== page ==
Connect with Jessica on LinkedIn!
Paul Radspinner, president and CEO at FluGen
What prompted you to start FluGen in 2007?
Two things- one aspirational and one personal. First, I had been lucky enough to work with great scientists at WARF over the years I was there and knew that there were many technologies that could make a big difference in people’s lives. With that in mind I met with Drs. Yoshi Kawaoka and Gabi Neumann and we agreed to start a company. The goal was to make a better flu vaccine and save lives and we feel like we are well along that path. The personal goal was to create something from scratch that would make me excited to get up every morning. While at times the ride has been a little harrowing, I can honestly say I have met that personal goal.
FluGen has been active in developing new approaches to vaccine. What are your hopes for public acceptance of COVID-19 vaccines?
My hope is that these amazing vaccines that have been made, studies and delivered in months rather than years will be readily available and accepted by people all over the world. I know it can be disconcerting when you are bombarded by information- both good and bad- about these vaccines. It is especially hard for everyday people who do not work with vaccines or pharmaceuticals. But we have been here before. In the 18th century people were vaccinated against smallpox and 2-3% died. Imagine that! Clearly, we are not facing that kind of risk with these vaccines. I hope that everyone who has questions or doubts will turn to their physicians and not to the internet for advice. This is a great opportunity to focus on “we” not “me”.
What keeps you busy and fulfilled outside of work?
Since the pandemic started, the anticipation of that long commute down to my basement office and the Zoom meetings that await me every day keep me thoroughly stimulated! I am enjoying my first grandchild, Luka, more than I ever thought I could. My wife Kimm and I live on Lake Wisconsin and are avid cyclists. Most recently we are trying to figure out how this new smart bike we just bought can save us from a lifetime of pandemic-induced-obesity. In my own time I like to get away from work by reading history and novels. Most recently I am halfway through the Ian Toll trilogy on the Pacific War. It is very well written and tells a great story rather than recounting battles step by step. I recommend it highly to all.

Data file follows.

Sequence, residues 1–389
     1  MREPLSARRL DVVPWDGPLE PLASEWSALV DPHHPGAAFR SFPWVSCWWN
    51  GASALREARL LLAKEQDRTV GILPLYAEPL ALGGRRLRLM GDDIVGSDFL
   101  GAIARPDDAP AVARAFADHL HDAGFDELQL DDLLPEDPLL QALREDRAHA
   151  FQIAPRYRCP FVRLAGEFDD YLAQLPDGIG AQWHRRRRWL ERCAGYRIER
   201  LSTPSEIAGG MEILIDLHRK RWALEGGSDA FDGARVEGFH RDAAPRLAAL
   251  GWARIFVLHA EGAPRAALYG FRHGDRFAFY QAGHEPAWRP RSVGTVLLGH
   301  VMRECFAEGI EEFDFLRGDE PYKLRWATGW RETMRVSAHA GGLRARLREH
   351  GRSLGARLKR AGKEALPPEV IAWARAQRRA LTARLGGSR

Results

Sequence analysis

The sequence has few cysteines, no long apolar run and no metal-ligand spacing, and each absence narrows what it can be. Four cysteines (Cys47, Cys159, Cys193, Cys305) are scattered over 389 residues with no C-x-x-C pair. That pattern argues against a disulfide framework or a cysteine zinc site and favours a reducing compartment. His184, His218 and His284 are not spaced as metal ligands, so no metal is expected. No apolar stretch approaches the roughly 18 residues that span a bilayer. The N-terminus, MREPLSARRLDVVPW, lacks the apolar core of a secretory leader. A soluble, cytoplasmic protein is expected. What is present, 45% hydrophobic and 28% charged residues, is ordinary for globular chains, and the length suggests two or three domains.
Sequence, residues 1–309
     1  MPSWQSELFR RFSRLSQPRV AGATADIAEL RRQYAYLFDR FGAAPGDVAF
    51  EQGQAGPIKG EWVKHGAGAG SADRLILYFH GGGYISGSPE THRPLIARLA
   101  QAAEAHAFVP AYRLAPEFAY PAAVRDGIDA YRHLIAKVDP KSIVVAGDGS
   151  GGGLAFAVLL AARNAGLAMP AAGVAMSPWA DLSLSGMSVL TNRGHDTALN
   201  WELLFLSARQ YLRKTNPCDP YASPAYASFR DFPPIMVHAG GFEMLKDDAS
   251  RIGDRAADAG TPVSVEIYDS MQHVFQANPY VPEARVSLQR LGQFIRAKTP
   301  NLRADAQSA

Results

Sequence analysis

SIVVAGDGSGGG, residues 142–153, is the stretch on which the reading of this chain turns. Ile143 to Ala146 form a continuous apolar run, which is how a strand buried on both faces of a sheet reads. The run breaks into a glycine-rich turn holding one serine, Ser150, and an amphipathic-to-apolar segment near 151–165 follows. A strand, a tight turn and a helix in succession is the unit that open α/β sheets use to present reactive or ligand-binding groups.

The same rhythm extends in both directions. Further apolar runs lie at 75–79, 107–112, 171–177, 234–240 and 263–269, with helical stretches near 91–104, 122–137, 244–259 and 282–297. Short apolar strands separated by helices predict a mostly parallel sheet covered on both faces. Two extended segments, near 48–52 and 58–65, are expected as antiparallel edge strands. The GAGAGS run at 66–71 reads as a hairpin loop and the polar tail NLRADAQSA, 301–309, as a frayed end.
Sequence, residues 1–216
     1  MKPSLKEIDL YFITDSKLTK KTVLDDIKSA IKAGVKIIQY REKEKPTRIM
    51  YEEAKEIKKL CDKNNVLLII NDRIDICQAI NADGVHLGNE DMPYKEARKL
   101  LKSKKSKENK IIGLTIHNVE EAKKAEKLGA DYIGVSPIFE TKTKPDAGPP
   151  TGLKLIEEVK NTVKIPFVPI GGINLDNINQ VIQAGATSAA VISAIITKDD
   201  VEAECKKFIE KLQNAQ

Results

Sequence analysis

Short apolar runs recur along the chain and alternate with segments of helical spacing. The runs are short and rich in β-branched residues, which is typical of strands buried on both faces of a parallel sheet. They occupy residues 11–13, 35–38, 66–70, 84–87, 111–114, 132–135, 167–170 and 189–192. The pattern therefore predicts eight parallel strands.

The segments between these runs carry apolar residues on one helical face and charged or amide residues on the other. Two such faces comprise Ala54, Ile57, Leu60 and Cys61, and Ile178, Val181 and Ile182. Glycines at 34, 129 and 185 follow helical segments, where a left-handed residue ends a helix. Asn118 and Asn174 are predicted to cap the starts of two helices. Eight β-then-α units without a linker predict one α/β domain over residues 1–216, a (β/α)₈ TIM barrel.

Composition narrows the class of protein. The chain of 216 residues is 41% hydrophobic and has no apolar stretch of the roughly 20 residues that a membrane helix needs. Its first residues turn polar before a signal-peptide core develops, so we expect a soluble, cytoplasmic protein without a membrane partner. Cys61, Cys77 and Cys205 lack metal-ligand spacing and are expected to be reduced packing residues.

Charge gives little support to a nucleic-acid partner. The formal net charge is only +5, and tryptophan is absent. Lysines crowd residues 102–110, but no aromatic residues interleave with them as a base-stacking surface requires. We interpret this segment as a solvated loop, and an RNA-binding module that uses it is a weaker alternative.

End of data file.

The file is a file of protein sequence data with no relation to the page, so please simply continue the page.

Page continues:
Paul Radspinner is a member of the Tech Council and can be reached LinkedIn.
Mark Ehrmann, partner at Quarles & Brady
Describe your specialty practice within Quarles and Brady. What are your “sweet spots” as a business attorney?
As a business attorney, I work as outside counsel to clients in a variety of industries. I specialize in transactional work, such as mergers and acquisitions and angel and venture capital financings. I also work in the emerging company space where I work with startups and their founders and investors and research institutions who are spinning out technologies. What I like about my job, is that I am able to work with creative, intelligent and motivated people and help them grow their businesses and that I have different matters to work on every day.
You’ve practiced throughout the Q&B network of offices, including Milwaukee, Madison, Chicago and beyond. What’s your take on the state of the tech economy in the Upper Midwest?
I believe the tech economy in the Midwest is similar to other parts of the country. Companies that are well positioned because of their products or industries are getting funded, but it would be nice to see more successful exits. One positive I have seen from the move to virtual events is that investors from other parts of the country can attend presentations and pitch events easily and they would likely not have attended similar events in person. What is difficult with virtual events is people miss the personal connection which often closes the deal.
What keeps you busy and fulfilled outside of work?
I am an avid sports fan, specifically college sports and especially Badger sports. I spend most of my free time watching, reading about or attending sports events. COVID has been difficult, because I have not been able to attend Wisconsin football or basketball games in person. I also enjoy traveling with my wife Tammy and two daughters, who both now live in other cities and often schedule trips around Badger sporting events. I am looking forward to resuming my trips and watching sports in person.